Syrian President Bashar Assad said Sunday his regime was in no danger of collapse and warned against any foreign military intervention in his country as the regime tries to crush a 5-month-old popular uprising.
In his fourth public appearance since the revolt against his family's 40-year rule erupted in mid-March, Assad insisted that security forces were making inroads against the uprising.
"It may seem dangerous ... but in fact we are able to deal with it," he told state-run TV in a 40-minute interview. It was the first time he has agreed to take any questions, although the state-owned network is a mouthpiece for the regime.
The Syrian leader has come under mounting criticism over the brutal military offensive that has used tanks, snipers and gunboats to try to crush the uprising. Most recently, the United States and its European allies on Thursday demanded he step down. Late Saturday, former ally Turkey called Syria's situation "unsustainable."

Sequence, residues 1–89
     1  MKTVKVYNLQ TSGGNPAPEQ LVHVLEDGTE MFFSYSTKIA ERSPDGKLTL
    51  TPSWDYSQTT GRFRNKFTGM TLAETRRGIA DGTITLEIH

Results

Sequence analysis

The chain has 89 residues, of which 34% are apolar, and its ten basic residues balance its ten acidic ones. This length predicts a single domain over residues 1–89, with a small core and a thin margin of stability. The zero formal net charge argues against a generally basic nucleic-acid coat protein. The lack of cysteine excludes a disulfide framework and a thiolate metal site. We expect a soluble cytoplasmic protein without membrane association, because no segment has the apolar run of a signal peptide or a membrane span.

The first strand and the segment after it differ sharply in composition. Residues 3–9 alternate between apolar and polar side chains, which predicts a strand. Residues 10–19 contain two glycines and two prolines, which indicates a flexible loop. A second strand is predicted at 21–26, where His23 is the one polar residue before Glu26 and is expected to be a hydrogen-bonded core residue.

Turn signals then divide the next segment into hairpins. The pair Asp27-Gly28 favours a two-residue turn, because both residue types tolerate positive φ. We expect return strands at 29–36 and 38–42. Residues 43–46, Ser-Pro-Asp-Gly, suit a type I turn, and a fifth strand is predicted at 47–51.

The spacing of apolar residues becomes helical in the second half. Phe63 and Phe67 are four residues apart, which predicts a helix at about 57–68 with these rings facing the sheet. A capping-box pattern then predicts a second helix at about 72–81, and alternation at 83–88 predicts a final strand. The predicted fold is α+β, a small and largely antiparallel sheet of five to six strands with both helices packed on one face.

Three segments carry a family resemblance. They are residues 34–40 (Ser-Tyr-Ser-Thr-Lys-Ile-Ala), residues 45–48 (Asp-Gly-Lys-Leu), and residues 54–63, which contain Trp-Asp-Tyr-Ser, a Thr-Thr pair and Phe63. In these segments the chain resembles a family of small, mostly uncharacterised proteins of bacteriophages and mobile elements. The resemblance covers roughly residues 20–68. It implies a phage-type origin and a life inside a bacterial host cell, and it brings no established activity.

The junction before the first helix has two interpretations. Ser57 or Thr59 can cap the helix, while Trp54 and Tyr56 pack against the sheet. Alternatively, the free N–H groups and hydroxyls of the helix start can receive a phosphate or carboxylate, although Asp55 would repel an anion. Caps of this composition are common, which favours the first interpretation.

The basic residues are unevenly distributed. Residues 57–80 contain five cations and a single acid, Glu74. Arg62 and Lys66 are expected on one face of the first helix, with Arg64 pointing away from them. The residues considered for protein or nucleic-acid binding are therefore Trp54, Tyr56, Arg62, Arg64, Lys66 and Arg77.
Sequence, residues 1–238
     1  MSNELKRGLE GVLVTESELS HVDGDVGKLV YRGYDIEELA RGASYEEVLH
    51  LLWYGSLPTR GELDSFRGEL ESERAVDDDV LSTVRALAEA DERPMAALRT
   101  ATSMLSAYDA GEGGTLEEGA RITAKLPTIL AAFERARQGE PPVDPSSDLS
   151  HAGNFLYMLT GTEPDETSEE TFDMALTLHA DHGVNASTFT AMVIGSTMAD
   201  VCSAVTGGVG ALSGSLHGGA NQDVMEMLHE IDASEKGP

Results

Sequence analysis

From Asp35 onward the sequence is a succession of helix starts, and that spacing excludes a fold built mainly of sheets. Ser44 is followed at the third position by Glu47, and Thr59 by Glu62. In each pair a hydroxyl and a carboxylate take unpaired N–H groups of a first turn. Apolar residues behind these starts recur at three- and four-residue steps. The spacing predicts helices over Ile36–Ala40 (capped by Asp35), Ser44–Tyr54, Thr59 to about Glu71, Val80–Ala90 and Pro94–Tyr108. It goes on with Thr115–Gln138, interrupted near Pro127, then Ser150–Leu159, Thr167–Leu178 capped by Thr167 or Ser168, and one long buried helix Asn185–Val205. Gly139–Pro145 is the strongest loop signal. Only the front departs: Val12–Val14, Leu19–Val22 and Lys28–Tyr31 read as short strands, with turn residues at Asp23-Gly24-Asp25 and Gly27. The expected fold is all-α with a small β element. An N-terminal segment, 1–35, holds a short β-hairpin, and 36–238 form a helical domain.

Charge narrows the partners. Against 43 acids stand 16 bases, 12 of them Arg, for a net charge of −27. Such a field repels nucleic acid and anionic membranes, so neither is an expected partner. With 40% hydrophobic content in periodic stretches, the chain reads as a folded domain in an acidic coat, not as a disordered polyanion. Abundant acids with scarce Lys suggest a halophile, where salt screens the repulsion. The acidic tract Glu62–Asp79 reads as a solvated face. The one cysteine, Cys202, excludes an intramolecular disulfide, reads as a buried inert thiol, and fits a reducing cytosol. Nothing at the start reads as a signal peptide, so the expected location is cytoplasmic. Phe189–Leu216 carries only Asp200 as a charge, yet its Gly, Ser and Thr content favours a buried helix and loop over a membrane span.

Human rights groups and witnesses accuse Syrian troops of firing on largely unarmed protesters and say more than 2,000 people have been killed.
In the interview, Assad also said he expected a parliamentary election to be held in February 2012, along with a series of reforms that would let political groups other than his Baath party to participate.
Assad's remarks were unlikely to have much resonance with Syria's opposition, which says it has lost all confidence Assad's overtures for reform while his security forces open fire on peaceful protesters.
The interview was similar in tone and contents to other speeches he gave in the past few months in which he tried to portray confidence, stressing Syrian sovereignty and insisting the unrest was being driven by a foreign conspiracy.
On Sunday, Assad brushed off President Barack Obama's condemnation, saying it has "no value."
"I am not worried about the security situation right now, we can say the security situation is better," he said.
He warned against Libya-style military intervention, saying there will be "repercussions" to any country interfering in Syria's affairs. There have been no serious international plans to launch such an operation, in part because the opposition has said it does not want Western countries to interfere.
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